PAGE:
Afro-Asia Shipping Co (Pte) Ltd v Da Zhong Investment Pte Ltd and Others (No 2)

CourtHigh Court (Singapore)
JudgeJudith Prakash J
Judgment Date21 May 2004
Neutral Citation[2004] SGHC 105
Citation[2004] SGHC 105
Subject MatterPlaintiffs managing to prove only one minor portion of claim,Order 59 r 3(2) Rules of Court (Cap 332, R 5, 2004 Rev Ed),Principles,Whether defendants entitled to costs on indemnity basis,Defendants electing not to call any witnesses late into trial,Whether defendants should bear costs incurred by plaintiffs in preparing to cross-examine defendants' witnesses,Whether offer reasonable or genuine,Order 22A r 9(3) Rules of Court (Cap 332, R 5, 2004 Rev Ed),Civil Procedure,Whether defendants should bear costs of hearing fees thrown away,Offer to settle made by defendants,Plaintiffs failing in action,Whether plaintiffs entitled to raise arguments on substantive issues for justifying award of costs in their favour,Costs,Whether plaintiffs should pay defendants' costs,Order 35 r 4(3), O 59 r 3(2) Rules of Court (Cap 332, R 5, 2004 Rev Ed)
Published date08 June 2004
Defendant CounselHong Heng Leong, Ng Wai Hong and John Wang (Ang and Partners),Edwin Lee and Looi Ming Ming (Rajah and Tann)
Plaintiff CounselManjit Singh and Sree Govind Menon (Manjit Govind and Partners)
Docket NumberSuit No 352 of 2001
Date21 May 2004

21 May 2004

Judgment reserved.

Judith Prakash J:


1 This judgment deals only with the issue of costs in relation to the plaintiffs’ claims against the fourth and fifth defendants in this action, namely Trevi Contractors (Singapore) Pte Ltd (“Trevi”) and Chin Kok Kwong Design & Build Pte Ltd (“CKK”). The action was tried before me over an extended period of time in 2002 and 2003. On 21 November 2003, I issued my judgment ([2004] 2 SLR 117) dealing with the substantive issues in the case. In that judgment, I dismissed the plaintiffs’ claim against Trevi and, whilst I entered judgment for the plaintiffs against CKK, I did so on the basis that the plaintiffs had proved only one minor portion of their claim against CKK. I indicated in my judgment that I would hear the parties on costs.

2 The parties appeared before me on the issue of costs in January and February this year. Thereafter the plaintiffs and Trevi both put in written submissions. The situations of Trevi and CKK are not the same and distinct issues arise in each case. I will deal with these in turn.

Trevi’s claim for costs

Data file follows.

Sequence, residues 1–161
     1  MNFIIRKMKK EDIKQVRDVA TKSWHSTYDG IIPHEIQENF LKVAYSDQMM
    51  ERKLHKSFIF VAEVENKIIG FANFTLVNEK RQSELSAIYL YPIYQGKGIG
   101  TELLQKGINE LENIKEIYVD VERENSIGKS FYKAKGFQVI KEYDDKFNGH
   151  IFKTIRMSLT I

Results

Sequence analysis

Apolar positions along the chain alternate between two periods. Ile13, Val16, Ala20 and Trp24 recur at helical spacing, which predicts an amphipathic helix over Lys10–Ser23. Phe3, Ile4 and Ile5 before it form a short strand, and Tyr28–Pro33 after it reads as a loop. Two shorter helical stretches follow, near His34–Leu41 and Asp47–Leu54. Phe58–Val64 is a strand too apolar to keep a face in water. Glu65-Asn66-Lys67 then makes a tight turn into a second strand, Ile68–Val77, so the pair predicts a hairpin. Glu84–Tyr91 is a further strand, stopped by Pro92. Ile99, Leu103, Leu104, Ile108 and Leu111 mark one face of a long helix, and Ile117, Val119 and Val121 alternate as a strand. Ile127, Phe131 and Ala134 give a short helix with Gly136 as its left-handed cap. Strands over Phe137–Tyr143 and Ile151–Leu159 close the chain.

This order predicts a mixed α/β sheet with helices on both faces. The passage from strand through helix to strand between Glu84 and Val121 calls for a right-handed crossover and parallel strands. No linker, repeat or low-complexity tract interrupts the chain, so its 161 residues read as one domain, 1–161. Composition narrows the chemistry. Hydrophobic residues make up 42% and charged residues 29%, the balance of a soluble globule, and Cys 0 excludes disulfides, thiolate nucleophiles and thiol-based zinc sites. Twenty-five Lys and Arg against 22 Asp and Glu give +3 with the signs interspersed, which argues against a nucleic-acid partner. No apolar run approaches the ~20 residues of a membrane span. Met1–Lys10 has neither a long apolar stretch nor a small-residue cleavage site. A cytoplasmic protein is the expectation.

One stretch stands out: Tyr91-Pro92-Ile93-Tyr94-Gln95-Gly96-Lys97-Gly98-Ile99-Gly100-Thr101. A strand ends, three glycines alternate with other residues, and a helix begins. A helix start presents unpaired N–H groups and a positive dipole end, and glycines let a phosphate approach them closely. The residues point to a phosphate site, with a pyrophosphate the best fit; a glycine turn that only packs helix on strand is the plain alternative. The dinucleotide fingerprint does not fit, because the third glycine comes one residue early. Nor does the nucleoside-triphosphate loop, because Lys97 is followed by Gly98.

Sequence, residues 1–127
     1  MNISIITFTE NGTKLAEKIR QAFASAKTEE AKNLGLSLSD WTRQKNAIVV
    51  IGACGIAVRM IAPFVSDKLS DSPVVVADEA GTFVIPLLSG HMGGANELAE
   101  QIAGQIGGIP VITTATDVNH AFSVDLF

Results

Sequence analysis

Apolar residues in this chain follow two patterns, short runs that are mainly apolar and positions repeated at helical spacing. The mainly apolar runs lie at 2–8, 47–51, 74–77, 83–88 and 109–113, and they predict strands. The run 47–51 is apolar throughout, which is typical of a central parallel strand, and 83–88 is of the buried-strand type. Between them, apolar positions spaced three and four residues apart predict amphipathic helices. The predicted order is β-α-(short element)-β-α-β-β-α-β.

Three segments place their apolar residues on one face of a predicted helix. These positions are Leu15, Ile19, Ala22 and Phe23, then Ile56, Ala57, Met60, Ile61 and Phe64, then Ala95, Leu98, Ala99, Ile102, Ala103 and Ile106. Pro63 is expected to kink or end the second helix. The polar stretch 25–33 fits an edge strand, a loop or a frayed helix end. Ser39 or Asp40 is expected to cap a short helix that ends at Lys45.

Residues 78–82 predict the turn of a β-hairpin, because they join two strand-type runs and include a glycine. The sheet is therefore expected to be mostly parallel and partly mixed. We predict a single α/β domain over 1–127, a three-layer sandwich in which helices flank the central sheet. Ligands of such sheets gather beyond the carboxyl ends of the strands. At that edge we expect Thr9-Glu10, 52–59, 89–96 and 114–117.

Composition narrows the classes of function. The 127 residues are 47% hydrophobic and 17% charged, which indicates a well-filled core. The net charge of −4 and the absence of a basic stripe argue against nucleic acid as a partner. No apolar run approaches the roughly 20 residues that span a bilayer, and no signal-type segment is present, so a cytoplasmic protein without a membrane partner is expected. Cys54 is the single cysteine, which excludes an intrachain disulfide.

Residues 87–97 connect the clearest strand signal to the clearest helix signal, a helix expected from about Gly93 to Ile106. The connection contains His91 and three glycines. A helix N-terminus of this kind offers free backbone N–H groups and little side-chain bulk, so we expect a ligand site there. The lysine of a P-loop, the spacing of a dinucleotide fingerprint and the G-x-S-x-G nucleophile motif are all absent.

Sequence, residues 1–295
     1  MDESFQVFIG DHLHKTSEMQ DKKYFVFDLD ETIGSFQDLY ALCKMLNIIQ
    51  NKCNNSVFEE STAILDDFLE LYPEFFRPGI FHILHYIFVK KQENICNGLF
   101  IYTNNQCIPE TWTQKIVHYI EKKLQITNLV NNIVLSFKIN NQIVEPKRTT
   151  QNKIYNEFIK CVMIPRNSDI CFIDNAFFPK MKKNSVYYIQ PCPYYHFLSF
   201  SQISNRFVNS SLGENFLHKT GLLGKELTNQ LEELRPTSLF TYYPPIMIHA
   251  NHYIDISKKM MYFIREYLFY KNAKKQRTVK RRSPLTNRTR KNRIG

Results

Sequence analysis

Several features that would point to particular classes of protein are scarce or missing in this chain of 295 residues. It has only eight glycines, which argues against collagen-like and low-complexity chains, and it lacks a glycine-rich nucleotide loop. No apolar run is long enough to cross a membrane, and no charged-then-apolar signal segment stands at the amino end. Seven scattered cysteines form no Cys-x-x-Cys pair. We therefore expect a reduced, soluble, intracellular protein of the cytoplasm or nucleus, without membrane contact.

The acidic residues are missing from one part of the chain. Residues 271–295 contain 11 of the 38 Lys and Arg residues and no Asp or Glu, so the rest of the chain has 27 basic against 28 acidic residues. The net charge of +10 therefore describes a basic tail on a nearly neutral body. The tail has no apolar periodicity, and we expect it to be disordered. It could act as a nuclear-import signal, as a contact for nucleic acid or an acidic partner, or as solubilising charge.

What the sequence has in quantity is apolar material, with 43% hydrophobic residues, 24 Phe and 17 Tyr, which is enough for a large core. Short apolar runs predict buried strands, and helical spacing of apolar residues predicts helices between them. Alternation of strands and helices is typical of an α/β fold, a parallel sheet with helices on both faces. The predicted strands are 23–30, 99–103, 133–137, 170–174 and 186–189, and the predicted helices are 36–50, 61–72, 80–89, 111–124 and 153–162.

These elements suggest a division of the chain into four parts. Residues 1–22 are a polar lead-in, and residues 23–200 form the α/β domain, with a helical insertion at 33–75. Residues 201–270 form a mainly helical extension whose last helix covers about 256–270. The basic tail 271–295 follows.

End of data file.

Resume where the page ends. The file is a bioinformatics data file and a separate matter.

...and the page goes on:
3 The plaintiffs’ action against Trevi failed completely. Applying the usual rule prescribed by O 59 r 3(2) of the Rules of Court (in those circumstances would mean ordering the plaintiffs to pay Trevi’s costs. There was only one reason that I hesitated to make such an order. I had a concern over Trevi’s decision not to call any evidence. As I explained in my earlier judgment, before the trial started, Trevi had filed affidavits from seven witnesses whom they intended to call to give evidence on their behalf. They had also made disclosure of voluminous documents. The plaintiffs’ case closed on 10 April 2002. When the case resumed on 2 September 2002, the first three defendants opened their joint defence. This was concluded on 14 January 2003. At that stage, Trevi elected not to call any evidence. As the fifth defendants, CKK, also made that same election, the case then concluded. It had been anticipated that it would take a further eight days for Trevi and CKK to each present their evidence. Those eight days were vacated. After considering the evidence, I found that the plaintiffs had not proved their case against Trevi. I reserved the issue of the costs payable to Trevi, however, as I wished to give further consideration to the question whether Trevi should have to bear some of the costs incurred by the plaintiffs in preparing to cross-examine Trevi’s witnesses since such costs were thrown away by reason of Trevi’s election not to call evidence.

4 The plaintiffs submitted that Trevi should pay, on the indemnity basis, for all work done by them in preparing to cross-examine Trevi’s seven witnesses including their review of Trevi’s documents and other material and the getting up required. They pointed out that the work had been considerable. The affidavits of evidence-in-chief and documents filed by Trevi totalled 17,000 pages. Further, Trevi’s election not to call any witnesses had taken place only on the 33rd day of the trial. This was after hearing dates had been taken for Trevi’s witnesses. Despite the plaintiffs’ efforts to recover the costs of the hearing dates vacated because Trevi and CKK had not called witnesses, the amount recovered was $4,960 less than the sum that had been paid to the Registry. The plaintiffs submitted that Trevi should pay that sum of $4,960.